note: entire contents copyright 2008 by Beverly Creasey
Bang the drum. Raise a glass. Let the celebrating begin. There’s a new Irish theater company in town! Most of us are still mourning the loss of the Sugan Theatre and we were beginning to think we would have to do without. But TIR NA has leaped onto the scene with a flourish. Their dazzling production of Marie Jones’ STONES IN HIS POCKETS will set a high standard for the new company.
Jones’ delightful send-up of location movie making is rumored to be based on the Tom Cruise-Nicole Kidman vehicle, FAR AND AWAY. In STONES, just about everyone in this sleepy little Irish town wants in on the Hollywood experience. What makes STONES remarkable is the cast. Place two actors in front of an azure sky and let ‘em rip. The two impersonate extras, crew, stars, directors and town folk, male and female---at the drop of a hat, with the turn of a head or a shift in body weight. The trick is a tour de force for two talented actors and Colin Hamell and Derry Woodhouse deliver in spades!
The two manage to multiply themselves right in front of our eyes. Hamell gracefully centers his chi with lithe fingers curled to his thumbs and we know he’s the haughty star of the movie. Then his soulful eyes droop and he’s the sad sack buddy of Woodhouse’s hopped up dreamer. Then Woodhouse stoops a bit off kilter and we recognize the curmudgeon who claims to be the “oldest living extra from John Wayne’s THE QUIET MAN.” In addition to the hilariously colorful characters they inhabit, Hamell and Woodhouse get some touching moments, as well. The key to the characterizations lies in their individual rhythm and these actors play them like virtuosi.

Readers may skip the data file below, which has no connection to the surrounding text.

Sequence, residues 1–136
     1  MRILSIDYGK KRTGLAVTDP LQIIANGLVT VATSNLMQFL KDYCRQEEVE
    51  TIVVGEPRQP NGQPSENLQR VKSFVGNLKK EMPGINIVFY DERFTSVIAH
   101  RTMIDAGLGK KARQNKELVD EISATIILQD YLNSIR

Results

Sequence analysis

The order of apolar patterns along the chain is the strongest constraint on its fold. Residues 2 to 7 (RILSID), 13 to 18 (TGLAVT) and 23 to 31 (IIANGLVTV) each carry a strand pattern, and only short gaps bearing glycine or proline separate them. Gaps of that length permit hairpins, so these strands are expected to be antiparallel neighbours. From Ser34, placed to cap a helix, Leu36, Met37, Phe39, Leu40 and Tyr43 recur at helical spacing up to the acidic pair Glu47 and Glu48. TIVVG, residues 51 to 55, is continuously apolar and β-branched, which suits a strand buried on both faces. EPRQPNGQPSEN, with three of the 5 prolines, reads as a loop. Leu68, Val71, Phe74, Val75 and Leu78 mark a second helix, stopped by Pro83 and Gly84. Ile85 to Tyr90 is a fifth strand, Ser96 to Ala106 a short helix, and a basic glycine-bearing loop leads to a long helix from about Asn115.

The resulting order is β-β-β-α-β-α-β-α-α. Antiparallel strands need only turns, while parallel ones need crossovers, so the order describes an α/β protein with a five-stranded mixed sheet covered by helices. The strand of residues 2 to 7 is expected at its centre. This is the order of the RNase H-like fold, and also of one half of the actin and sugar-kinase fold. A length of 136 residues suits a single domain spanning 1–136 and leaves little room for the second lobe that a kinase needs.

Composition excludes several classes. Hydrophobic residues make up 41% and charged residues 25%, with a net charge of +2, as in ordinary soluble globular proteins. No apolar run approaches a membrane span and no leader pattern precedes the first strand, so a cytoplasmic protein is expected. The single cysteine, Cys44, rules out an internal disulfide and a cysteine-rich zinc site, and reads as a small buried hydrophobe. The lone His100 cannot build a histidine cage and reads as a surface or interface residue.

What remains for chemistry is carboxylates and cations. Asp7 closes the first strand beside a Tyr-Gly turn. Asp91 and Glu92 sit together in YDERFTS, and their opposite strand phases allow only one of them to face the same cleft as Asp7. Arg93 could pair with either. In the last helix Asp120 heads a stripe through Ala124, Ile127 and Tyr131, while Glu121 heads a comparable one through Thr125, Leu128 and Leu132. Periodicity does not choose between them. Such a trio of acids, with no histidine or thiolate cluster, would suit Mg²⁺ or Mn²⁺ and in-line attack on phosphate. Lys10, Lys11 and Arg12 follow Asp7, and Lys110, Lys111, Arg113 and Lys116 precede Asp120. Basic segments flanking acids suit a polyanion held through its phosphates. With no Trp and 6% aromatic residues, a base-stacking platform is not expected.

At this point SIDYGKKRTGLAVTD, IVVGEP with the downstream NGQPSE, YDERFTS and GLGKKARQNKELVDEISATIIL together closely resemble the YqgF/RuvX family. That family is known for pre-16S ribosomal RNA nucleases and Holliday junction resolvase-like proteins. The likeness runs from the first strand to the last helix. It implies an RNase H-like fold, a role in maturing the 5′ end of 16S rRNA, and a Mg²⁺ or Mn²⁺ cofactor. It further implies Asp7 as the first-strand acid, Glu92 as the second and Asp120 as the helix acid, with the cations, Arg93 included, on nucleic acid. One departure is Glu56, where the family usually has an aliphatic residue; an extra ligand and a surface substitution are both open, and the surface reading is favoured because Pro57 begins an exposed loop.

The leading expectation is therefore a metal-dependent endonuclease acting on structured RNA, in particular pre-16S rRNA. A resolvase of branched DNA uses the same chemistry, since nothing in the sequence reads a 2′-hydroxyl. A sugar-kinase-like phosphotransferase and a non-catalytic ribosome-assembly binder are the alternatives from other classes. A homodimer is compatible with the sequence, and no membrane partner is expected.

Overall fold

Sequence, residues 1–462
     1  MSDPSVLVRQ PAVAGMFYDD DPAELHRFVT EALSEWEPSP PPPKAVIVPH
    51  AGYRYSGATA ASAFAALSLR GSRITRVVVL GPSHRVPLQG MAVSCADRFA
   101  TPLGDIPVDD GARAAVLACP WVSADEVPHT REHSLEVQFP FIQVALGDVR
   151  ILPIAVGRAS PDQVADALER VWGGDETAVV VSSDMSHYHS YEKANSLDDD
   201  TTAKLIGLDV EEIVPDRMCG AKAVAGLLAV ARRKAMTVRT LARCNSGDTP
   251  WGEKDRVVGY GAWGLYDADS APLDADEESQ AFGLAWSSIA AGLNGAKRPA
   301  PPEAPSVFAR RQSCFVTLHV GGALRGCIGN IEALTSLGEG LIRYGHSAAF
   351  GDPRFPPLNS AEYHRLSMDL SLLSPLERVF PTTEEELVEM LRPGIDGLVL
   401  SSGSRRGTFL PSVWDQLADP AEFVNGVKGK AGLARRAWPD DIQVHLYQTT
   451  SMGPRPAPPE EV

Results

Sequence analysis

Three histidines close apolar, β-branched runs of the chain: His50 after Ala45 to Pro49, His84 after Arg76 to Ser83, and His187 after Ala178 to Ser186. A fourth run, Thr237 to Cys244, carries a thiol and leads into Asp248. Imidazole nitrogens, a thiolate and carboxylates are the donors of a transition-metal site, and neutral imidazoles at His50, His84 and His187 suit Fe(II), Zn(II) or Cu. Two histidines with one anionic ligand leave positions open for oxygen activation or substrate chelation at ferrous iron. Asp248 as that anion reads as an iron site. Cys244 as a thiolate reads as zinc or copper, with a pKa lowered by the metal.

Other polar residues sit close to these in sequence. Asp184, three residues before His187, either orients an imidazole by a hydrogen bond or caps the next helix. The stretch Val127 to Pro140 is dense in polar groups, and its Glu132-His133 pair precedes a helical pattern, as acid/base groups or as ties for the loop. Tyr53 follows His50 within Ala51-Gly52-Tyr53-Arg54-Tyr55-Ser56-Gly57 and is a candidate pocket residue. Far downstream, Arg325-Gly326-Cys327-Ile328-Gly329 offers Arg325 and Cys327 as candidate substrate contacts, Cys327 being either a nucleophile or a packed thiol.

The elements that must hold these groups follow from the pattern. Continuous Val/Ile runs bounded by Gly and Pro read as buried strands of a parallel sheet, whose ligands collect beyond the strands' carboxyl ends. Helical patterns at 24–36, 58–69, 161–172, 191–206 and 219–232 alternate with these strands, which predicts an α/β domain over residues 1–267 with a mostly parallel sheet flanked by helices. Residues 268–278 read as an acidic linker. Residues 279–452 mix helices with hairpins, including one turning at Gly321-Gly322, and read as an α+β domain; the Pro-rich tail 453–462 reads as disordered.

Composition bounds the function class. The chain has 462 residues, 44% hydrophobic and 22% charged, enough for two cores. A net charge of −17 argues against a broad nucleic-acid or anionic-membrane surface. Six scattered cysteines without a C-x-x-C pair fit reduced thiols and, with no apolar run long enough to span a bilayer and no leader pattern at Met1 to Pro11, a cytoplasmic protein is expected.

Director George C. Heslin gets extra mileage from many of the bits…like the marvelous “jubilation scene” where the movie director wants, and gets, a frenetic stereotype of step dancing. Heslin tweaks the movements so shamelessly, I’m still giggling days later.
Becksara Fracormack’s gorgeous billowing (or could they be ‘bellowing’) clouds are luminously lit by Amy Lee. Marry the backdrop to Tino Alvarez Casado’s clever soundtrack and we’re transported to Ireland for a grand evening of sheer merriment.